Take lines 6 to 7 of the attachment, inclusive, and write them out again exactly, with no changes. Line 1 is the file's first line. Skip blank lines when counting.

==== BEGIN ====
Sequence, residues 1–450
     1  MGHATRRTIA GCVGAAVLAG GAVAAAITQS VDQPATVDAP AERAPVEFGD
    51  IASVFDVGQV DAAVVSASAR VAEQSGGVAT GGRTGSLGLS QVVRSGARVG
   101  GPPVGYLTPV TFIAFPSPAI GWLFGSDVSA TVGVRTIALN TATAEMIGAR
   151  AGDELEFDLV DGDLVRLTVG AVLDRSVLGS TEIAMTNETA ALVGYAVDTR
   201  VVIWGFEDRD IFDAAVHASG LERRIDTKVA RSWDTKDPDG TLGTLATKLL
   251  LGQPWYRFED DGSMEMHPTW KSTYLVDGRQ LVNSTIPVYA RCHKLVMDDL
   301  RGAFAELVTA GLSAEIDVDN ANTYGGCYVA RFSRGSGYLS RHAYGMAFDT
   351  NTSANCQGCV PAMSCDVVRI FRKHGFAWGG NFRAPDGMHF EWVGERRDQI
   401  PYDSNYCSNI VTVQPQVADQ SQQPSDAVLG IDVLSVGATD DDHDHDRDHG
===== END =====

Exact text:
   201  VVIWGFEDRD IFDAAVHASG LERRIDTKVA RSWDTKDPDG TLGTLATKLL
   251  LGQPWYRFED DGSMEMHPTW KSTYLVDGRQ LVNSTIPVYA RCHKLVMDDL